Lloyds Bank

Lloyds child account review

Teach your kids how to manage their money or save for their future with Lloyds' bank accounts.

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Lloyds is one of the biggest UK banks and its accounts for children and teenagers are suitable for a range of needs.

If you are considering it for your child’s bank account but are not sure whether it really is the best option, this page gives an overview of what accounts are available, what fees it charges and what perks it includes.

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What type of child accounts does Lloyds offer?

Lloyds has a current account and two savings accounts that are specifically meant for children and teens. Just like with adults, you need a current account if you are looking for an account to manage daily expenses and you need a savings account if you want to put money aside for a rainy day while earning interest.

Children’s accounts are no different. Here’s what Lloyds offers:

  • A current account. This can be opened by kids aged 11–17. It comes with a debit card or a cash card (this is for cash withdrawals only) and pays a small amount of interest on balances up to a limit.
  • A savings account. Lloyds’ child saver account is meant for an adult who wants to save for a child’s future. It pays a fairly decent interest rate, money can be withdrawn at any point and the account can be opened for a child aged 15 or lower. You don’t need to be the parent or guardian of the child to open it, but you will need their permission.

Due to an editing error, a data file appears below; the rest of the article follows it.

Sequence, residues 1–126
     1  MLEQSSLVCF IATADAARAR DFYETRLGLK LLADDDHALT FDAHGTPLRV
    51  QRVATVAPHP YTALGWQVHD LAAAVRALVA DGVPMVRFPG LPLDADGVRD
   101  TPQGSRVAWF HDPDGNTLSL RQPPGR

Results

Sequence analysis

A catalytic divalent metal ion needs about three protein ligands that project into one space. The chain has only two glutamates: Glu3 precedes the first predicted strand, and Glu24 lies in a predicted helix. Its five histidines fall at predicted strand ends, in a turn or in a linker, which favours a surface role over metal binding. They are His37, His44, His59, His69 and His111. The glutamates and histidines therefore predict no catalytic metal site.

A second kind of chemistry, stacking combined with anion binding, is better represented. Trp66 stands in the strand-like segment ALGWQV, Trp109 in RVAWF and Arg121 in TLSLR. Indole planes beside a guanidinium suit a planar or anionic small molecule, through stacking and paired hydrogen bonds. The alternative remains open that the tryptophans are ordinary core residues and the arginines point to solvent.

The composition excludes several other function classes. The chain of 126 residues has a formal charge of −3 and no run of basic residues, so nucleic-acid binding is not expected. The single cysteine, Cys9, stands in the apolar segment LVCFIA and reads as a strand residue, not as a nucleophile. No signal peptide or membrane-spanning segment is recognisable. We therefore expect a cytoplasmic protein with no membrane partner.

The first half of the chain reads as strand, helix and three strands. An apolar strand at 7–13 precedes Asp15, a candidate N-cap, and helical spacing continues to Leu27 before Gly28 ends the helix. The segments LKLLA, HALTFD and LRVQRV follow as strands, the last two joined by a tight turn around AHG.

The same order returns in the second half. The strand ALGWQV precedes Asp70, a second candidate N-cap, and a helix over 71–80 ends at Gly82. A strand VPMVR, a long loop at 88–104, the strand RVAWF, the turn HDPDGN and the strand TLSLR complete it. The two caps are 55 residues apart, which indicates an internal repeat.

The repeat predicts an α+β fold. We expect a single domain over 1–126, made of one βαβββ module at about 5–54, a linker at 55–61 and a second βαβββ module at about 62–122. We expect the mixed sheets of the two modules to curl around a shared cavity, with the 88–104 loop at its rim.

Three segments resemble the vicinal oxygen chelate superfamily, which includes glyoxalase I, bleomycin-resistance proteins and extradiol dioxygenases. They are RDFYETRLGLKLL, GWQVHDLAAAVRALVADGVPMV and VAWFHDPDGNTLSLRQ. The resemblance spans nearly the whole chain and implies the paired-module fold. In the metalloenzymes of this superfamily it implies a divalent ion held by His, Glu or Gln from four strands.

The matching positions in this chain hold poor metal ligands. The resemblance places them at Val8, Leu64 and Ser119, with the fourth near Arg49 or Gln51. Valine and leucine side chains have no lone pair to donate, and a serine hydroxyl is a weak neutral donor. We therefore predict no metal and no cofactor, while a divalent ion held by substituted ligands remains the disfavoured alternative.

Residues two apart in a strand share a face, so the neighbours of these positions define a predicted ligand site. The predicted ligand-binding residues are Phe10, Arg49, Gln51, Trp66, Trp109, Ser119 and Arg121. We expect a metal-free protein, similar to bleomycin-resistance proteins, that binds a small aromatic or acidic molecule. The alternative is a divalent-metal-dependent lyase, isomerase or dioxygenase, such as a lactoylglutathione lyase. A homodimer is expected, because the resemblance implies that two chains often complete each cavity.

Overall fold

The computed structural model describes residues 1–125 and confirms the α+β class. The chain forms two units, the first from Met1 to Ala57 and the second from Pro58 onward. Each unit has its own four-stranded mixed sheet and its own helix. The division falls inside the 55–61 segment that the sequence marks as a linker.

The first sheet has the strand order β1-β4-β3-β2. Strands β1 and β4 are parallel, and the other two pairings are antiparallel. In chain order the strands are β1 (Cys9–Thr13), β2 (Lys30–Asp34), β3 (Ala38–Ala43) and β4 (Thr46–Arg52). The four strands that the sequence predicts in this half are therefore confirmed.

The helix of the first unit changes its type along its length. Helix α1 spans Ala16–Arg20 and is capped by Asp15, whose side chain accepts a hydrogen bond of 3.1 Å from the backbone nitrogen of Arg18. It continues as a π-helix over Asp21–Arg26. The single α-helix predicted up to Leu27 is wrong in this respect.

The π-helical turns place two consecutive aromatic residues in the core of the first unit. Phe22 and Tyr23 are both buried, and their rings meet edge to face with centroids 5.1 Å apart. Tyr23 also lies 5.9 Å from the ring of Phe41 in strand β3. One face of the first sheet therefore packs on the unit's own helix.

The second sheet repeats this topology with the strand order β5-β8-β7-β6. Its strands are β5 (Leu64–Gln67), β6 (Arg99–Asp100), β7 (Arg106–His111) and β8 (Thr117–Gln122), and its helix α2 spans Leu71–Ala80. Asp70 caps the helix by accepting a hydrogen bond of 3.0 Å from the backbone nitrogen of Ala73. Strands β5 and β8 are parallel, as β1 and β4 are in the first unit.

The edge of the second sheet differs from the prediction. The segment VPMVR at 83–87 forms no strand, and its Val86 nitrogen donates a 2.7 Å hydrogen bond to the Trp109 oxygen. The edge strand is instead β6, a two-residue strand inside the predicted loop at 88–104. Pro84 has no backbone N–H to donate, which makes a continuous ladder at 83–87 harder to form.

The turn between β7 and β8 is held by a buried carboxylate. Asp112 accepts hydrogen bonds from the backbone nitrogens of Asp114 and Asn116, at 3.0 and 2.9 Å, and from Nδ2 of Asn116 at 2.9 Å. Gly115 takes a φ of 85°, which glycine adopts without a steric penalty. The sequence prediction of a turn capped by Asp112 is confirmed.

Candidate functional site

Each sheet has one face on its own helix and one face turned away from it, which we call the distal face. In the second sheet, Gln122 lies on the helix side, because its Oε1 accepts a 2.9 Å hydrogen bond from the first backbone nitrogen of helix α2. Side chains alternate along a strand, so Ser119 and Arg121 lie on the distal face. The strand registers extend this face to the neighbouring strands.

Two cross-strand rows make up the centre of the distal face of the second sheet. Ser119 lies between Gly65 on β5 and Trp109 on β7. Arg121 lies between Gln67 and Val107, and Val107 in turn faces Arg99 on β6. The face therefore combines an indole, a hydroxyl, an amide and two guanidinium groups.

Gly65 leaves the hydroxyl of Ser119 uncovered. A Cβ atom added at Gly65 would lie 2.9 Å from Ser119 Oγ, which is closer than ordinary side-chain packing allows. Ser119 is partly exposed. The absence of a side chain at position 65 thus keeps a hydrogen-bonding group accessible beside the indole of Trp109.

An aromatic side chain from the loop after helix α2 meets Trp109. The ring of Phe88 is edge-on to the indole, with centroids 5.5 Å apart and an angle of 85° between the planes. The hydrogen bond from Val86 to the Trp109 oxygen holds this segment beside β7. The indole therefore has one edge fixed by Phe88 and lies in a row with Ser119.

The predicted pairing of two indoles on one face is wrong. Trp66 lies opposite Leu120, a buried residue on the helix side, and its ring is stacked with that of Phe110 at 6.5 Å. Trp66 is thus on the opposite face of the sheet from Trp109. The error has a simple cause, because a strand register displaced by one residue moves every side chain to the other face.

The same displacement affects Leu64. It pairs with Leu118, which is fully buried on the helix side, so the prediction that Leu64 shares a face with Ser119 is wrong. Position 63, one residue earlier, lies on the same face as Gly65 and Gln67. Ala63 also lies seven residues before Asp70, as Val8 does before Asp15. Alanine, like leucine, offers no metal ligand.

• A junior cash ISA. This is a tax-free savings account that locks the money away until the child turns 18. The interest rate is quite competitive. We’ve explained how junior ISAs work on this page.

Unfortunately, Lloyds does not have any current accounts for children younger than 11. While this type of product is not normally available from traditional banks, there are a few prepaid cards for kids with lower minimum age limits and you can compare them on this page.

Lloyds also lacks a savings account meant to be used by the child on their own, which isn’t ideal if you want to teach your children about how to save for the future. However, the current account does pay a small interest rate and can potentially be used for savings too.

The current account also offers some useful budgeting and savings tools. You can categorise your spending and create a monthly budget, as well as automatically round up your transactions and save the spare change by moving it to a savings account. The spare change feature becomes available once the child turns 16 and becomes eligible for Lloyds’ standard savings accounts.

How to open a child account with Lloyds

If the child is at least 13, the application process for the current account can be started online, but you will need to visit a branch to have your documents checked. If the child is 11 or 12, the application will have to be done entirely in person.

Depending on the child’s age, the documents required are different:

  • For 11- to 15-year-olds. You will need both the child’s ID and a parent or guardian’s proof of identity and address.